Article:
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  • Denis Pepin

The Jungle Doctor: Rakus, the Orangutan Who Healed Himself

In the heart of the verdant wilderness, Rakus, the sagacious orangutan, delicately holds a leaf of healing—embodying the untold secrets of the forest’s natural remedies.
In the heart of the verdant wilderness, Rakus, the sagacious orangutan, delicately holds a leaf of healing—embodying the untold secrets of the forest’s natural remedies. (CyberNesco)

The Sumatran rainforests are a rich reservoir of biodiversity, encompassing everything from towering arboreal giants to elusive fauna. A recent study, published in the journal Scientific Reports, has revealed an uncharted behavior among Sumatran orangutans:


An intriguing revelation has emerged from Gunung Leuser National Park: the possible existence of a natural pharmacy utilized by animals. In an extraordinary event witnessed by researchers in June 2022, a Sumatran orangutan, known as Rakus, was observed applying a specific medicinal plant to a facial injury. This novel observation illuminates the captivating realm of animal self-medication and the potential for knowledge exchange between humans and our primate kin.


A Fight and a Wound: The Spark of Self-Care


Rakus' story begins with a skirmish. Researchers heard the telltale "long calls," a sign of dominance battles between male orangutans. The next day, Rakus emerged with a fresh wound on his right cheek, a testament to the recent fight. This injury, roughly the size of a puzzle piece, posed a significant health risk. Open wounds in the wild are vulnerable to infection, potentially leading to severe illness or even death.



The Plant with the Golden Touch: Akar Kuning Steps In


But Rakus wasn't about to succumb passively. In a remarkable display of self-preservation, he took matters into his own capable hands. Researchers observed him meticulously picking and chewing the leaves and stems of a specific plant – the Akar Kuning, or yellow root (Fibraurea tinctoria). Notably, this plant isn't a common part of the orangutan diet. Yet, Rakus displayed an almost instinctive knowledge of its potential benefits. He meticulously chewed the plant, creating a makeshift poultice, and then applied it directly to his wound, effectively fending off the flies that had begun to gather.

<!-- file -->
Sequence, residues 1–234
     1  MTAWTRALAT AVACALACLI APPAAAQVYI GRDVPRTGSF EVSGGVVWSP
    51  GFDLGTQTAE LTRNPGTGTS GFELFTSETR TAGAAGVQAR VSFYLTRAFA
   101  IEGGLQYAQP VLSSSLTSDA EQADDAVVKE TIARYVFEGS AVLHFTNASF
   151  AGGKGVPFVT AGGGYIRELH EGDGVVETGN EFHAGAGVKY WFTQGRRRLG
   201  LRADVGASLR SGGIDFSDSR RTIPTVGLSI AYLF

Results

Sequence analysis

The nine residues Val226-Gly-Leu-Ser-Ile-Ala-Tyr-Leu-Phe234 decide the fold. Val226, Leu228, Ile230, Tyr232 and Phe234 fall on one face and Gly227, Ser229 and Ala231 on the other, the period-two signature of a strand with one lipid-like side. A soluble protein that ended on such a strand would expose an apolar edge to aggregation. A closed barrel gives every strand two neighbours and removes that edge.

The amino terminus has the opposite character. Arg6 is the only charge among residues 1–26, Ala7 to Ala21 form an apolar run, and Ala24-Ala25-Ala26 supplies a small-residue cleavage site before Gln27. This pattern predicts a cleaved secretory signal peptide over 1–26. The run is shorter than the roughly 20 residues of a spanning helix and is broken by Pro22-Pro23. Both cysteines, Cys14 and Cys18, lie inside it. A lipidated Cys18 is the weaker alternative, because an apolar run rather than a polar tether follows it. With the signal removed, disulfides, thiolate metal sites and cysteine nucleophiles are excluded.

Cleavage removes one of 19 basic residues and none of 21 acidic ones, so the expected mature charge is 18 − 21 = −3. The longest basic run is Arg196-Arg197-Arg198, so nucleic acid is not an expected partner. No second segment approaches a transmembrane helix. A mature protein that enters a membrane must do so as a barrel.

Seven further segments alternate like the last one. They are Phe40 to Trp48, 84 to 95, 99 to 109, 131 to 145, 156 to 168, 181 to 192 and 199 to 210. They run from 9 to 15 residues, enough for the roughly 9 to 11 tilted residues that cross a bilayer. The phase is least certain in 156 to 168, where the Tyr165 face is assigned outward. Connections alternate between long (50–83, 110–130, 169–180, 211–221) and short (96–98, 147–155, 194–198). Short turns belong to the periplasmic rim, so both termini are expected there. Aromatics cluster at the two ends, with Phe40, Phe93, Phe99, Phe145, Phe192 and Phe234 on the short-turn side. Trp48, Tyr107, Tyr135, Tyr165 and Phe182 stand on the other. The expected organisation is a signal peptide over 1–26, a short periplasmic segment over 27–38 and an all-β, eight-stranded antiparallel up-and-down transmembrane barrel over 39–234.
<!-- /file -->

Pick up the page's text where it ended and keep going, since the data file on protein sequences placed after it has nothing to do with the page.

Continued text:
From Poultice to Recovery: A Testament to Nature's Pharmacy


The results were impressive. Within five days of applying the Akar Kuning, Rakus' wound began to show signs of healing. Remarkably, after a month, there were no visible signs of infection. This rapid recovery aligns perfectly with the known medicinal properties of Akar Kuning. Studies have shown the plant to possess antibacterial, anti-inflammatory, and pain-relieving properties – a veritable natural first-aid kit.


A First for Science: Unveiling the Animal Pharmacy


Rakus' behavior represents a scientific first – the documented instance of a wild animal deliberately using a medicinal plant to treat a specific injury. This observation raises a multitude of intriguing questions. Did Rakus learn this behavior from his mother or other orangutans in his group? Or is this a form of innate knowledge passed down through generations?


The rarity of this behavior adds another layer of intrigue. Orangutans, particularly the critically endangered Sumatran subspecies, rarely suffer severe injuries in the wild. This could explain why such self-treatment hasn't been documented before. However, Rakus' case highlights the potential for a much broader phenomenon. If orangutans possess this knowledge, it's possible that other animals – chimps, elephants, or even birds – might exhibit similar behavior. This opens doors for further research into the fascinating world of animal self-medication.



Echoes of a Shared Past: The Human-Orangutan Connection


The discovery also adds a new dimension to our understanding of the relationship between humans and our closest primate relatives. Humans have a long history of utilizing plants for medicinal purposes. Rakus' behavior suggests that this ability might have roots deep in our evolutionary past. Perhaps a shared ancestor possessed this knowledge, and it has trickled down through the generations, albeit in a more refined form for humans.


Beyond Rakus: A Call for Conservation and Exploration


Rakus' story is not just about a remarkable animal; it's a call to action. The rainforests of Sumatra are a treasure trove of natural resources, many of which remain unexplored. Studying animal behavior like Rakus' can guide us towards new discoveries in the realm of natural medicine. This, in turn, can benefit both wildlife conservation efforts and the development of new pharmaceuticals.


However, the future of this rainforest pharmacy is under threat. Habitat loss due to deforestation and poaching are pushing Sumatran orangutans to the brink of extinction. Protecting these intelligent creatures and their rainforest homes is crucial for unlocking the secrets of the natural world and ensuring the well-being of all life on Earth.


Conclusion: A Glimpse into a Hidden World


Rakus' story is a testament to the intelligence and resourcefulness of animals. It opens a window into a hidden world of animal self-medication, a world where nature itself serves as a pharmacy. As we continue to explore the rainforests and delve deeper into animal behavior, we may uncover even more remarkable examples of this ancient knowledge. By protecting these ecosystems and their inhabitants, we can learn from nature's wisdom and ensure a healthier future for all.



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